In late October, more icy debris shed by Halley’s comet enters Earth’s atmosphere, producing a medium-strength meteor shower that’s visible worldwide. The display peaks around October 21 and 22, with an expected 10 to 20 streaks per hour. A waning gibbous moon (after a full moon when it’s still more than half lit) might cause interference, so try your best to find a dark area with little light pollution to spot the fiery flares.
November 16–17: the Leonids meteor shower peaks
While this annual meteor shower isn’t usually a showstopper, with viewers liable to see roughly 15 streaks per hour at its peak, the event is worth keeping an eye on. Every 33 years or so, the Leonids produce a meteor storm that wows watchers with some 1000 fireballs per hour. The last meteor storm occurred in 2001 – so while we aren’t due for another, sky-gazers can look toward the heavens and hope.
December 13–14: the Geminids meteor shower peaks
Although a waxing gibbous moon glows bright during this annual meteor shower’s apex, a little patience could reap big rewards. If skies are clear, there’s a chance to see roughly 120 meteors per hour. Most meteors tend to appear around the constellation Gemini, which favors the northern hemisphere in December – though southern hemisphere stargazers can also spot the celestial magic.
December 21: the winter solstice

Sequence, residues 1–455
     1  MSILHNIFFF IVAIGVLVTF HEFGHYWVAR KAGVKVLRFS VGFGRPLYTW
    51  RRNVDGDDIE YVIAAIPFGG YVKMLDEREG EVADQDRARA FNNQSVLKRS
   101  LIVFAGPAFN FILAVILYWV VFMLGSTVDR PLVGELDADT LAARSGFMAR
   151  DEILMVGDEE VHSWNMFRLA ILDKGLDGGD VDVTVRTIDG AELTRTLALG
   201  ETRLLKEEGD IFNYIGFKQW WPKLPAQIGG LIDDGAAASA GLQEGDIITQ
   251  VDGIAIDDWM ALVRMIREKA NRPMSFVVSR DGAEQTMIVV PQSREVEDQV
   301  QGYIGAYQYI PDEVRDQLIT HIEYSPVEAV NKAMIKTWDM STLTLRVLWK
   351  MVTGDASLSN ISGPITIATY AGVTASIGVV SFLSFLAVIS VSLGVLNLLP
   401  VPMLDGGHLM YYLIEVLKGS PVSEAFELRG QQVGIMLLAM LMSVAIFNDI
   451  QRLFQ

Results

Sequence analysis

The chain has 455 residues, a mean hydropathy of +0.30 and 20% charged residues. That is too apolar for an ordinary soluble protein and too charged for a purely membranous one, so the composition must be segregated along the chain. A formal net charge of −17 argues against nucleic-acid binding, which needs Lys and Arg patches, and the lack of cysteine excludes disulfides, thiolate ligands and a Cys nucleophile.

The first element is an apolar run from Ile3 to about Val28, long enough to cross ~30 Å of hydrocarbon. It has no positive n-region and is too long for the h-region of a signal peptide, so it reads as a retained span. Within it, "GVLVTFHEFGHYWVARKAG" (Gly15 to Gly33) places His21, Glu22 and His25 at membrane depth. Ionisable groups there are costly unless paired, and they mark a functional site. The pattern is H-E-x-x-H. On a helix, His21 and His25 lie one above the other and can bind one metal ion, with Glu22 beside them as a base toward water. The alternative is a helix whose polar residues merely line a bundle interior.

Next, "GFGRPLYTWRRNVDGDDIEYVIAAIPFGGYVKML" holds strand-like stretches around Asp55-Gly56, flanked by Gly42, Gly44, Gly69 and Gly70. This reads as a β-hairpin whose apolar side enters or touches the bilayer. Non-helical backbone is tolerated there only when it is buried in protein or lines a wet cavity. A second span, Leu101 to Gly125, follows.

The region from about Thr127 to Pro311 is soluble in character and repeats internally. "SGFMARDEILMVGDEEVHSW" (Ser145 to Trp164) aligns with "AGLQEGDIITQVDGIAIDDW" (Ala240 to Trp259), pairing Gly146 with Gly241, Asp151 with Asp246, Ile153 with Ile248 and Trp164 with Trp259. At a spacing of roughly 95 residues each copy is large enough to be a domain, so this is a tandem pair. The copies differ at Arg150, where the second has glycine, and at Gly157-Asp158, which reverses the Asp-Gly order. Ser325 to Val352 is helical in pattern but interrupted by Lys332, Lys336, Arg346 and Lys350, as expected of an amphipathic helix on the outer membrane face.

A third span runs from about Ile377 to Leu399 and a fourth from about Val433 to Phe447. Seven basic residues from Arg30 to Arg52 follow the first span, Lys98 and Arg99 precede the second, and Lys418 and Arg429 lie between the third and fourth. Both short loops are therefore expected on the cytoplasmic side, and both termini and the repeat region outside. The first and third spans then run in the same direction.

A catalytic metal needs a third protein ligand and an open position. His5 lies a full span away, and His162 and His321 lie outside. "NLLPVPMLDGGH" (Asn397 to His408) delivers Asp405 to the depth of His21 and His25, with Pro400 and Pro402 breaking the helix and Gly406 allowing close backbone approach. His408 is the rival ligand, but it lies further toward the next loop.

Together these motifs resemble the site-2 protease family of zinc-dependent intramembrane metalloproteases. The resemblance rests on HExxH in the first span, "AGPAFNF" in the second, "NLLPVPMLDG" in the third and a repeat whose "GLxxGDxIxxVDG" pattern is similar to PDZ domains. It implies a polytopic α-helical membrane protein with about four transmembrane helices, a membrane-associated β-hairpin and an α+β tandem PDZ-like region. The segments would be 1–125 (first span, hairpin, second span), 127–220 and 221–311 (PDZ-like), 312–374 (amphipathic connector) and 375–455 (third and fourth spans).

The year’s shortest day and longest night mark the beginning of winter in the northern hemisphere. Cultures worldwide greet darkness with light displays, like India’s bonfire-fueled Lohri celebration (observed in January) and Scandinavia’s candle-led processionals honoring St Lucia’s Day (also called the Festival of Lights).
In County Meath, Ireland, an ancient site was designed just for the annual event: neolithic engineers constructed Newgrange, a circular tomb predating Egypt’s pyramids, to align exactly with the winter solstice sunrise. For 17 minutes between December 18 and 23, dawn’s light enters a small opening in the tomb and illuminates its innermost chamber.
Space inside Newgrange is limited, and a lottery system grants access to only 60 people annually. This year’s winners have already been announced, but you can always apply for a coveted 2025 spot through Brú na Bóinne Visitor Centre’s lottery.